In Sinaloa, the National Center for Disaster Prevention (CENAPRED) does not foresee any affectation due to the arrival of the phenomenon, which will be moving in the country from today, Friday to Sunday, June 28, mainly in the northeastern states, the coast of the Gulf of Mexico. and the south of the country, reported Juan Francisco Vega Meza, director of the Sinaloa State Institute for Civil Protection.
He indicated that according to technical sheet # 37 of CENAPRED the dust cloud would not be entering Sinaloa, contrary to Campeche and Tamaulipas where today there would be high concentrations, as well as on Saturday and Sunday in the north of Veracruz, Tamaulipas, and Coahuila.
He pointed out that it is important to stay alert and pay attention to the warnings of the National Meteorological Service and the Civil Protection authorities in relation to the phenomenon that consists of a dry air mass with sand particles that forms in the Sahara desert in Africa and that can affect air quality in extreme cases.
The general recommendations are:
• Avoid exposing yourself to high concentrations of dust. o Take shelter during these events, closing all air inlets to the rooms for the duration of the event.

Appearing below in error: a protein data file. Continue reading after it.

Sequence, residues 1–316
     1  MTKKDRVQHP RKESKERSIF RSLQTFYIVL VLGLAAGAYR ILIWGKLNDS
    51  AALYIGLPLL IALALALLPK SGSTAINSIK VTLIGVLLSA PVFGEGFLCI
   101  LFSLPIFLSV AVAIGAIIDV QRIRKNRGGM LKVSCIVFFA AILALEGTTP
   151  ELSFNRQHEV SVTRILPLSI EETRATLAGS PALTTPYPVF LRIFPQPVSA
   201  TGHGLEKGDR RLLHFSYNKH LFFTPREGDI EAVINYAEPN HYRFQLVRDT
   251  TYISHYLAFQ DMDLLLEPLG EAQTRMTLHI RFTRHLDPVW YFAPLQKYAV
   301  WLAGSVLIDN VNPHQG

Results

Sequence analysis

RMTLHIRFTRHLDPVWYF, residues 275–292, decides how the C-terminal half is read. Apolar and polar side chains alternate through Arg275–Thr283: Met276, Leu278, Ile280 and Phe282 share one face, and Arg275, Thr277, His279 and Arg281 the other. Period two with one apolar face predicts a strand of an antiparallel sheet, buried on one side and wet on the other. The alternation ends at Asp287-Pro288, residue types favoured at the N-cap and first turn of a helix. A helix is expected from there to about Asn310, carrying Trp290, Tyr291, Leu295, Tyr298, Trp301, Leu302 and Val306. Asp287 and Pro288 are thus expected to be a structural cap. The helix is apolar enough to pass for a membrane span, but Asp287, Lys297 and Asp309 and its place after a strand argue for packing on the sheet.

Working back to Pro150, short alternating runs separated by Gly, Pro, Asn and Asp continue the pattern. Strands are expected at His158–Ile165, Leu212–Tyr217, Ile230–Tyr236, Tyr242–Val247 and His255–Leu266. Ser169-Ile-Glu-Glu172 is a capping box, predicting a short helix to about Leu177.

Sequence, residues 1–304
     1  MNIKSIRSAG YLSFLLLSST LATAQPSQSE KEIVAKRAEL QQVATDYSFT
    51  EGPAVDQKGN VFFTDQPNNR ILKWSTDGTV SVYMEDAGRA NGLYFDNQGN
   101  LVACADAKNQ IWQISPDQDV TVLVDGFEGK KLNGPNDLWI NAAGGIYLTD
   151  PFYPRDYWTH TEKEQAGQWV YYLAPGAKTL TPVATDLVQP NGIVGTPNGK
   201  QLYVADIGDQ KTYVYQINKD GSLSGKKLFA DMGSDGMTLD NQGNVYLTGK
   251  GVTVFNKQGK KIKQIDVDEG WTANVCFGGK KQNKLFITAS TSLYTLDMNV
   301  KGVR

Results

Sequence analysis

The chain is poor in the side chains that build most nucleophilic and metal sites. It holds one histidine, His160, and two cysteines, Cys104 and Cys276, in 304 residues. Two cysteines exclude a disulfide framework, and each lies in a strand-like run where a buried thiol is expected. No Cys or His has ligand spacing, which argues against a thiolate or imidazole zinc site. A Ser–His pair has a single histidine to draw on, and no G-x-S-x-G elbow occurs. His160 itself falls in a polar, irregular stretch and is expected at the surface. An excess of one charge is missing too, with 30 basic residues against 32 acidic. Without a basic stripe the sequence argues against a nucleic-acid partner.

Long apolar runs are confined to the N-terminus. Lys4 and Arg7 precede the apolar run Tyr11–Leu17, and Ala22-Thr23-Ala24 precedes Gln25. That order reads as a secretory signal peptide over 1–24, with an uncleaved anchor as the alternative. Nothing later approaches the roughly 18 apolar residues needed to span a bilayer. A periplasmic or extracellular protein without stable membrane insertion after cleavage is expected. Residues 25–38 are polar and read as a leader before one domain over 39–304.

• If it is necessary to be outdoors, use glasses and a mask or a handkerchief.
• People with chronic respiratory diseases (COPD, asthma), older adults, pregnant women, and children should wear respiratory protectors such as face masks or damp tissue to cover the nose and mouth.
• If you have a sensation of foreign bodies in the eyes, wash them with plenty of water. It is preferable to use drinking or boiled water.
• Wash your hands before starting the procedure.
• Cover water sources such as wells, containers or storage ponds to avoid contamination.
• In general, use appropriate personal protective equipment such as goggles, face masks, or a wet cloth handkerchief to cover the nose and mouth.
• Dampen areas of your home before sweeping to avoid resuspension of dust that may accumulate.